We just closed the tax filing period, and most residents of Rhode Island are feeling the pinch of the many adjustments made to federal tax laws on last year’s returns.Regrettably, most microbusiness owners are among those who ended up paying in the skies due to the new tax laws that set a limit on their credit for settling local and state taxes.
These financial constraints and tax burdens come at a time when microbusinesses are doing double duty to keep up with the competitive online market.It’s no wonder many Rhode Islanders are backing legislation (2019-H 5576) to allow entrepreneurs owning “pass-through” corporations with state and local taxes (SALT) that go over the new $10,000 limit to settle taxes in their income.
We saw Connecticut pass a similar law last year and it has led to a revenue-neutral situation that is benefitting the state.As of 1913, taxpayers have been paying all their state and local taxes from taxable income based on the SALT deduction.But President Trump’s Dec. 2017 Tax Cuts and Jobs Act now caps the SALT deduction at $10,000 from 2018 to 2025.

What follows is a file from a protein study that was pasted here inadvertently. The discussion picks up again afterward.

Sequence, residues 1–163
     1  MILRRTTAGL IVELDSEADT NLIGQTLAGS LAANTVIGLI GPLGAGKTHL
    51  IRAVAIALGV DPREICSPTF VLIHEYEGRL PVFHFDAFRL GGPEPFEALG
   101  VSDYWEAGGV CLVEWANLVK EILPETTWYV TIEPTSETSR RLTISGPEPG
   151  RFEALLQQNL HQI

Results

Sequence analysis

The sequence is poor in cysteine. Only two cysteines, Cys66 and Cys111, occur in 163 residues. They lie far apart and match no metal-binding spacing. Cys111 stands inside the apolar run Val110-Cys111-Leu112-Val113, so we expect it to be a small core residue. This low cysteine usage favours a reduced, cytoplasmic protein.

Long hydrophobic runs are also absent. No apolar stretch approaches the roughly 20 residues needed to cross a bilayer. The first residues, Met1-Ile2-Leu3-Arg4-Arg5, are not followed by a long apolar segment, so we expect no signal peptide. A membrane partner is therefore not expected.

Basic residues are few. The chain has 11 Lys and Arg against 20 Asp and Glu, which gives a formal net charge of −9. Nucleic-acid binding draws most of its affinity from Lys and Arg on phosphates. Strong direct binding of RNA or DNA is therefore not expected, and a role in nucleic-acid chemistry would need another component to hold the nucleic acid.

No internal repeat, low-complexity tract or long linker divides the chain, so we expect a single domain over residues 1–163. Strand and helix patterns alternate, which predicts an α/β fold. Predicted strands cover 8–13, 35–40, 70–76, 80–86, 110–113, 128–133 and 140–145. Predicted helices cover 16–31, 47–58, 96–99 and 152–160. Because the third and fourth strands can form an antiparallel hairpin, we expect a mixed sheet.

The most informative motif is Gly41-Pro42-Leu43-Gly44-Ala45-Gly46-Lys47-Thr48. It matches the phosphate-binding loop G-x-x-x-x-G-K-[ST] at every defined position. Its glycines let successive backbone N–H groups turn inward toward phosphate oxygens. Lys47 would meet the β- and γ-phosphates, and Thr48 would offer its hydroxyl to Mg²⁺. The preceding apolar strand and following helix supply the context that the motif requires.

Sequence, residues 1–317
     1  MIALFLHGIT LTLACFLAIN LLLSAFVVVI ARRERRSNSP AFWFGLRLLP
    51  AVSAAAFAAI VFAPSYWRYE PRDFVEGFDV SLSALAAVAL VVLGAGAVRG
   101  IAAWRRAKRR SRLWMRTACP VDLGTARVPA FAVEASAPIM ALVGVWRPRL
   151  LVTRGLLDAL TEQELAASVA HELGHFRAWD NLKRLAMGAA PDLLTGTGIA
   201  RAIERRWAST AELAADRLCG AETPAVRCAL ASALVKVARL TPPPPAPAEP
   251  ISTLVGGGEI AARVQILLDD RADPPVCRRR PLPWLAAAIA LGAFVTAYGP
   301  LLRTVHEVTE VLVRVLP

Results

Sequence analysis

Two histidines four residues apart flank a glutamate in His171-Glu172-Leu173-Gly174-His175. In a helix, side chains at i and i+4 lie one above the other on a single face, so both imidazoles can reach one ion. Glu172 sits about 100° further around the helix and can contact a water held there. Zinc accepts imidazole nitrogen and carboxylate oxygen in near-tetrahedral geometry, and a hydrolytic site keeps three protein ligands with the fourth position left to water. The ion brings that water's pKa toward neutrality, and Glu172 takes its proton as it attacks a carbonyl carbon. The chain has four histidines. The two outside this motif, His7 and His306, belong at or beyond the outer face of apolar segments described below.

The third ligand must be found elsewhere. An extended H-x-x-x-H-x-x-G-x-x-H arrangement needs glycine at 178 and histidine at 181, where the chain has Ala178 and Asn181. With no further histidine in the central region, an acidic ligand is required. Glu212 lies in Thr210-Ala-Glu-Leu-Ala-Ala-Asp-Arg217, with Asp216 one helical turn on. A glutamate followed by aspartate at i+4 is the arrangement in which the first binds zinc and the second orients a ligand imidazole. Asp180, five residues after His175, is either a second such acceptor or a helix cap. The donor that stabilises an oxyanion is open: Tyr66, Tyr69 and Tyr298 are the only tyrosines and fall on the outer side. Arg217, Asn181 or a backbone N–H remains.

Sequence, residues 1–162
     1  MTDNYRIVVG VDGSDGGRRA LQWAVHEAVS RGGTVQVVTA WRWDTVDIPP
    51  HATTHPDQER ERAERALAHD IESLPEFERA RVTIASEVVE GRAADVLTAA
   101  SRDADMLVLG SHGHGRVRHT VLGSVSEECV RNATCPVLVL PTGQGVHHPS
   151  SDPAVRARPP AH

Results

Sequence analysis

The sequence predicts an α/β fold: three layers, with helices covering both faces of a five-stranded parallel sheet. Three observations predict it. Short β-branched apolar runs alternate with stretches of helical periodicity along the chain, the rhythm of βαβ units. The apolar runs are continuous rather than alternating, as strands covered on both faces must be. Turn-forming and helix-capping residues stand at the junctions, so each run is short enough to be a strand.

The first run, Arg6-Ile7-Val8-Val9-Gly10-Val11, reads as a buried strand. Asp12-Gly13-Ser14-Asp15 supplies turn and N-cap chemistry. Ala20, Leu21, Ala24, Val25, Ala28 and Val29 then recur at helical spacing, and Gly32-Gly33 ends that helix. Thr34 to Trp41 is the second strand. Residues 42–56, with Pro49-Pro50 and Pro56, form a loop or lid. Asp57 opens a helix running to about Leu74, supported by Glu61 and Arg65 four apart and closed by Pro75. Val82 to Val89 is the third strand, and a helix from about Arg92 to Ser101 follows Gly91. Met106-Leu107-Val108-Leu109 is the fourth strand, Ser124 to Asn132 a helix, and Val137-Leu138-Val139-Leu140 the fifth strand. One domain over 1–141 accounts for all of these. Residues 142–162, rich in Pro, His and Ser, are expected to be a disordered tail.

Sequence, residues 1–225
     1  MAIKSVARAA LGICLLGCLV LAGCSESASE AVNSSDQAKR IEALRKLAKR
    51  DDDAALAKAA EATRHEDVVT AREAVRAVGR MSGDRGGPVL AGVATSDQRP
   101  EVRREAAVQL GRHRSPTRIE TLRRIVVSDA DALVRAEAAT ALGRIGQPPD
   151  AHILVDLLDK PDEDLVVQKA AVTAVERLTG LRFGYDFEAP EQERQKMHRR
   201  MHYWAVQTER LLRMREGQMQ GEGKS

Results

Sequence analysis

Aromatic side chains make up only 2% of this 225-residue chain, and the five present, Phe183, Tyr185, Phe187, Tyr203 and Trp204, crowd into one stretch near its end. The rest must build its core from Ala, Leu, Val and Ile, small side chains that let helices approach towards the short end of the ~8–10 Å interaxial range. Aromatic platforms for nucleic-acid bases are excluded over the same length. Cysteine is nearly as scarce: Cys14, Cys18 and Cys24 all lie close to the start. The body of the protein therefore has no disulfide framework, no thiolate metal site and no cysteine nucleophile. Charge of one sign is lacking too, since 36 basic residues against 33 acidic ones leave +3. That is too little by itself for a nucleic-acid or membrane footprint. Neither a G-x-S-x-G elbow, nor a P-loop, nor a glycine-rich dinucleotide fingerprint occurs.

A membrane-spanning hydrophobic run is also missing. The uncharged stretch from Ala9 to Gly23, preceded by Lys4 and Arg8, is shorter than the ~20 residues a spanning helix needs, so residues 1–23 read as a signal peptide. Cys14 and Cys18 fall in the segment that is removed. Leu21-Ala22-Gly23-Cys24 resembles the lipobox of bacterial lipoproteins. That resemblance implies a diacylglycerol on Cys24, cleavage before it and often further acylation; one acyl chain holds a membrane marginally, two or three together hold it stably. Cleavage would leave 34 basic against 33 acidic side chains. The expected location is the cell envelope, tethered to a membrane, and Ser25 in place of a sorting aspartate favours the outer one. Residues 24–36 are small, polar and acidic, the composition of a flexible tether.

For Rhode Islanders and most US taxpayers, these changes could add up to an exorbitant hike in tax liability.Rhode Island is one among the 19 states where SALT credit surpasses the new-fangled $10,000 cap.
This proposed law will enable pass-through companies like sole proprietorships, limited liability companies (LLCs), partnerships and S corps, to settle state taxes on their income, rather than passing it over to their partners to lay claim on their personal income tax returns like it has been.
If enacted, the bill will also permit partners to take credit on their personal and business income tax returns to make sure that the company is taxed only once.Hence, it will provide a fair ground for small businesses because established C-corporations are usually comfortable deducting their SALT before settling federal income taxes.
Small businesses are the pillars of the economy, and they face too many challenges to have to put them through such a tax burden.In a nutshell, this is the only practical approach to help entrepreneurs get credit for the taxes they’ve been paying and avoid disrupting their businesses or forcing them to delay or reduce payroll, or even shut down.
This legislation intends to prevent Trump’s tax plan from extorting small businesses, in Rhode Island and other parts of the nation.
Residents are positive the bill will pass to become a law. If enacted, Rhode Islanders will see changes in the 2019 tax year.
Author bio:As the FAM account executive, Michael Hollis has funded millions by using cash advances. His experience and extensive knowledge of the industry has made him finance expert at First American Merchant.